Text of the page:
Air pollution and wildlife toxicology: An overlooked problem

Environmental Toxicology and Chemistry
By:  and 



Since the 1880s, there have been repeated reports worldwide of toxic effects to wildlife from air pollution. Incidents in North America were recorded as early as the 1920s and as recently as last year. The effects have ranged from death and injury to increased incidence of infectious diseases, and they are the result of exposure to both gaseous and particulate emissions. Compared with other threats to wildlife, for instance, pesticides, the toxicological relationship between air pollution and effects in wildlife is not well understood. Our limited understanding is based primarily on reports of symptoms observed in the field and on information extrapolated from studies in livestock and laboratory animals. Few controlled wildlife studies, such as those that have evaluated pesticide effects, have been conducted. Current air quality standards cannot be assumed to protect wildlife from the effects of air pollution. This article reviews the current state of knowledge of air pollution and wildlife toxicology and the continuing threat air pollution presents to wildlife. The available information on reported effects of gaseous and particulate pollutants (i.e., sulfur dioxide, hydrogen sulfide, oxidants, arsenic, cadmium, fluoride, lead and selenium) on terrestrial wildlife, along with similar toxicological data for domestic animals, is summarized. Information on the toxic effects, tolerance levels, pathways of contamination, and risks to wildlife from air pollution is given, and gaps in knowledge are pointed out. Areas where research is needed are identified. Copyright © 1988 SETAC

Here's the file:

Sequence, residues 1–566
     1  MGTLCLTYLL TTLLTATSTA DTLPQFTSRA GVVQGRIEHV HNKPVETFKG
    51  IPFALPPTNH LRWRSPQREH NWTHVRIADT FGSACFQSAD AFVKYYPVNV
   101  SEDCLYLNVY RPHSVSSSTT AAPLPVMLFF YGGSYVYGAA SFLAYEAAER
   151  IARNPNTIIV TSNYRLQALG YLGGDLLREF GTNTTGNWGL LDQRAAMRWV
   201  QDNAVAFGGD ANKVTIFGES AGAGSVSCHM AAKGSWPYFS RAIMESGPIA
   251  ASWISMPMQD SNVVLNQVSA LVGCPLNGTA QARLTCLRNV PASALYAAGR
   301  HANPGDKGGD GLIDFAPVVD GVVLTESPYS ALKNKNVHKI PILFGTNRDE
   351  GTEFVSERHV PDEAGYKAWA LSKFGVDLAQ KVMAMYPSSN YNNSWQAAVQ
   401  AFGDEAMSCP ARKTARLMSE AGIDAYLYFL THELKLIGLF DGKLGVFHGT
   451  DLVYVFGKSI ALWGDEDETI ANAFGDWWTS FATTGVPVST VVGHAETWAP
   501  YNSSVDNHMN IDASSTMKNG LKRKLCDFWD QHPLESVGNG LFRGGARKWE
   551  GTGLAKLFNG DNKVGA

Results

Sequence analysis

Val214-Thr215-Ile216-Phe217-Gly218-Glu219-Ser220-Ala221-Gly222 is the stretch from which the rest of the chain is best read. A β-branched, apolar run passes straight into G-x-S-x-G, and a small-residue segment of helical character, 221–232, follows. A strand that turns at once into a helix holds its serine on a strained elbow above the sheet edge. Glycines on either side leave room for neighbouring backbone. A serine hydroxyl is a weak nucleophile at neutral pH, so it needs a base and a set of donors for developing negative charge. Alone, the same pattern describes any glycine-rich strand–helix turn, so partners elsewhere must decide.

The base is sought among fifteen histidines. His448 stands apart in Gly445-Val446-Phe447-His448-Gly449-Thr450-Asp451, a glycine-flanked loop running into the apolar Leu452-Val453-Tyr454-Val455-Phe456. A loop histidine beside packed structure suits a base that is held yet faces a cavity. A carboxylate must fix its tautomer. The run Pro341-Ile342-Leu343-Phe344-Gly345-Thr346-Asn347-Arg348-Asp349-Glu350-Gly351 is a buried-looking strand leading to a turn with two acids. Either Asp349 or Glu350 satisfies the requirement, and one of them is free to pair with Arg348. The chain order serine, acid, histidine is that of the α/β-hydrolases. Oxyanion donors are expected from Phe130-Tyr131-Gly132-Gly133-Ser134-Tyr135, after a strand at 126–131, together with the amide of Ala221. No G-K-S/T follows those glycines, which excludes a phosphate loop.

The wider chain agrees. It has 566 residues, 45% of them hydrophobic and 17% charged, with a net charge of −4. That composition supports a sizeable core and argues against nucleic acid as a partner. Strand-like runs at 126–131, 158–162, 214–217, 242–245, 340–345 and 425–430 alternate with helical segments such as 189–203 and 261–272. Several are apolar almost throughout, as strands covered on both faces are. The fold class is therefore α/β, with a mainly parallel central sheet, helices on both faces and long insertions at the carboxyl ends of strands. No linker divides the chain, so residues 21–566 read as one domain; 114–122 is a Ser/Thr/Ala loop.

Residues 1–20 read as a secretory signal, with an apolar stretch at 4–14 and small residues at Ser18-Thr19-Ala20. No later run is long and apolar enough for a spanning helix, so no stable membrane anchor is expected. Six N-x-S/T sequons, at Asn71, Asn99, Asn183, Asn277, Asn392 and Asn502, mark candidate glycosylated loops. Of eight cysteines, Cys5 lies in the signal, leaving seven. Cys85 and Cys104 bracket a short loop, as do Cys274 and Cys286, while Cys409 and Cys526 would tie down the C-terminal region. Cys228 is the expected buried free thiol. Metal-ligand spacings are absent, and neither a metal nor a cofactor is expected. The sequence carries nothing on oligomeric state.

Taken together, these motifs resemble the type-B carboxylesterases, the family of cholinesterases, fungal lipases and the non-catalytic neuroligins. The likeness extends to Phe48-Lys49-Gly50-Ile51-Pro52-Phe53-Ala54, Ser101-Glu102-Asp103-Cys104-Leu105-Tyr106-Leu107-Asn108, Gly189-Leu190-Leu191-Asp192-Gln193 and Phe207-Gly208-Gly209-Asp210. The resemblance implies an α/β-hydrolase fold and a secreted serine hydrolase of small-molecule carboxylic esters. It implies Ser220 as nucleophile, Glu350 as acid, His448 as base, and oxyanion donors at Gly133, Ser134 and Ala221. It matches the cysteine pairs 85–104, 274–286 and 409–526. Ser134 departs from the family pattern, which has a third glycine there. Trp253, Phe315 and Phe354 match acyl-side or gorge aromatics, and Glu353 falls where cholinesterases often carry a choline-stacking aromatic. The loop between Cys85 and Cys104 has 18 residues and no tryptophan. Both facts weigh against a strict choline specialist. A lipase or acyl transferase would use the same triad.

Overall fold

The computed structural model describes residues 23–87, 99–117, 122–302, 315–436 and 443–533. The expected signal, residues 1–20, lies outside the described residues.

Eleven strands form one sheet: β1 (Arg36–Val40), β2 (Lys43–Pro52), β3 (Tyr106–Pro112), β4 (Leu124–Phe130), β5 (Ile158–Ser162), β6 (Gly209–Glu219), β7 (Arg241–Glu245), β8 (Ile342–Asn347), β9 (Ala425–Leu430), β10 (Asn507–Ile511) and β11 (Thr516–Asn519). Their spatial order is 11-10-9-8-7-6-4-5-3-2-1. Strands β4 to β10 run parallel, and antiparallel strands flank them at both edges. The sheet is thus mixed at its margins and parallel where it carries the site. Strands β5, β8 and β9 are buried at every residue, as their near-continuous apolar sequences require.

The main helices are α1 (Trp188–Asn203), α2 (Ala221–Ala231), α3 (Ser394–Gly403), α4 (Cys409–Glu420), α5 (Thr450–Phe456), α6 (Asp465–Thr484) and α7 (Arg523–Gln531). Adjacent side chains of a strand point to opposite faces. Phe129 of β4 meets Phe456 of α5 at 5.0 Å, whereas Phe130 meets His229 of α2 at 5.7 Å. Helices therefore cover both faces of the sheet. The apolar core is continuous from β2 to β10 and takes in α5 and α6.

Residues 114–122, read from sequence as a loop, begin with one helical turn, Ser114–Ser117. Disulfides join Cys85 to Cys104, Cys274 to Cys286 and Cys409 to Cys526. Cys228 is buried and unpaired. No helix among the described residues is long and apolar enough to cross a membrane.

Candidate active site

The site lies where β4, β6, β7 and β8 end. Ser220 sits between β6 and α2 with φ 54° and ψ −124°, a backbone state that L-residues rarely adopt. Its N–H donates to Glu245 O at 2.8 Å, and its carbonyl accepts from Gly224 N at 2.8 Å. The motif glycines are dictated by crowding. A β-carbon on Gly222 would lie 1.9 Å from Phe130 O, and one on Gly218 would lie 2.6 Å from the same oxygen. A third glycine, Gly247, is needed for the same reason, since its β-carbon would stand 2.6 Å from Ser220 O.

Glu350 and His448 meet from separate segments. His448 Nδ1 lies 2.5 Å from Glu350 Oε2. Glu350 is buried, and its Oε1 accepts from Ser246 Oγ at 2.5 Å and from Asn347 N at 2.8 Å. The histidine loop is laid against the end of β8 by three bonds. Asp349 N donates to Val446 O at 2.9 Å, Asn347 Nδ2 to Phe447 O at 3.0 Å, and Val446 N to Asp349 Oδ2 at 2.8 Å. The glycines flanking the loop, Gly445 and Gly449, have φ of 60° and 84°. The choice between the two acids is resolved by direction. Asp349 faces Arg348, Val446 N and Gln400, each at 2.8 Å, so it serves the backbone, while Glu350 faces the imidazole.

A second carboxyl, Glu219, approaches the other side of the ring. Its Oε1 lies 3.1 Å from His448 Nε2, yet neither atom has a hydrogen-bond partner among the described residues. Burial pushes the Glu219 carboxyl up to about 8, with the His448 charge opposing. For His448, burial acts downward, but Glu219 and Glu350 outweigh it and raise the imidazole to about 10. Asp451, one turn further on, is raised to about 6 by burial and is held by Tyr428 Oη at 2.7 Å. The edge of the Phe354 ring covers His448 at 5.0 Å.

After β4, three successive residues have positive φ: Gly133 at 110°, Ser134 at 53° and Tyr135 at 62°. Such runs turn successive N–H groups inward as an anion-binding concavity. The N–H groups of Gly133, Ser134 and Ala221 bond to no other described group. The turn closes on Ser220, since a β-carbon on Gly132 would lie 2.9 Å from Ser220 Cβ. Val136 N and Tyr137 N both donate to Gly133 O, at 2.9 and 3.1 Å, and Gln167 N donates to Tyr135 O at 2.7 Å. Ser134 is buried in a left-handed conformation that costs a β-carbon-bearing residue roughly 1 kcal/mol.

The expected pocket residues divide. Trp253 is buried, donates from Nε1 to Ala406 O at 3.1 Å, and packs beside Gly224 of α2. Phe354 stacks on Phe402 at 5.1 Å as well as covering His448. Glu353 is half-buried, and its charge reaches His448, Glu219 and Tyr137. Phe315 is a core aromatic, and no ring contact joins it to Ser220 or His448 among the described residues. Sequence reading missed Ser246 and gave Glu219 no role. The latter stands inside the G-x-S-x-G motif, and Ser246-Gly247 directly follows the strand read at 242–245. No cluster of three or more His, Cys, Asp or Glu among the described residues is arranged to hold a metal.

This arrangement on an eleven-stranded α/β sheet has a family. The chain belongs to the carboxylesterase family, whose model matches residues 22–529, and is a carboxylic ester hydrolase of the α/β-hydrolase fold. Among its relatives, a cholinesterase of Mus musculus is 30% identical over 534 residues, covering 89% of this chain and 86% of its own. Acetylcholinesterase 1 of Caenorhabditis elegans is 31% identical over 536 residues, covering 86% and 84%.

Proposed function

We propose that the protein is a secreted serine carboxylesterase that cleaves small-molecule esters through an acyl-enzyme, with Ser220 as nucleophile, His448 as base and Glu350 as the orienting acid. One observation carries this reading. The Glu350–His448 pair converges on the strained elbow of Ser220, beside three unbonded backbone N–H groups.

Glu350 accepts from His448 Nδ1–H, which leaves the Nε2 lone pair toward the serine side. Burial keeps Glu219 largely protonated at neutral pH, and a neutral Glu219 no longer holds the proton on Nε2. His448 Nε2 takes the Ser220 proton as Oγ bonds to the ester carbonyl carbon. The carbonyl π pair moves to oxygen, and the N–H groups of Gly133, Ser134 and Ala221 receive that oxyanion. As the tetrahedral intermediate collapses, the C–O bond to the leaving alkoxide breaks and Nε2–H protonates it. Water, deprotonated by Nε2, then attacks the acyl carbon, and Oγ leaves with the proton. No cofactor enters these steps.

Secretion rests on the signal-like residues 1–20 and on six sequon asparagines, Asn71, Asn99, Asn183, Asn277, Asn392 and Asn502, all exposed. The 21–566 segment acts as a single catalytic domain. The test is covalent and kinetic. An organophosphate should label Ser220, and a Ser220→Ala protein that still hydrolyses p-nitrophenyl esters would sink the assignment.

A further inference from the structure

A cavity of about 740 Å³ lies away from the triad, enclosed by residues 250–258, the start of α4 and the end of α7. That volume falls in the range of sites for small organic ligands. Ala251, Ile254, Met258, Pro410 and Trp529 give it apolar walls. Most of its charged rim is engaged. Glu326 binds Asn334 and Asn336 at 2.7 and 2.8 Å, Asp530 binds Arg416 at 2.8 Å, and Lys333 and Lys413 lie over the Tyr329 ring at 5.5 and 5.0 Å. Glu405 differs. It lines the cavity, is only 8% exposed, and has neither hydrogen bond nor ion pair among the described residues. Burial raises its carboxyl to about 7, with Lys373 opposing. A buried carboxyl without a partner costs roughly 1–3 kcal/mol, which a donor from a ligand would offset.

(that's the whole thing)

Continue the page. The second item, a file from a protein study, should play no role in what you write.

Publication type Article
Publication Subtype Journal Article
Title Air pollution and wildlife toxicology: An overlooked problem
Series title Environmental Toxicology and Chemistry
DOI 10.1002/etc.5620070508
Volume 7
Issue 5
Year Published 1988
Language English
Publisher Wiley
Description 10 p.
First page 381
Last page 390
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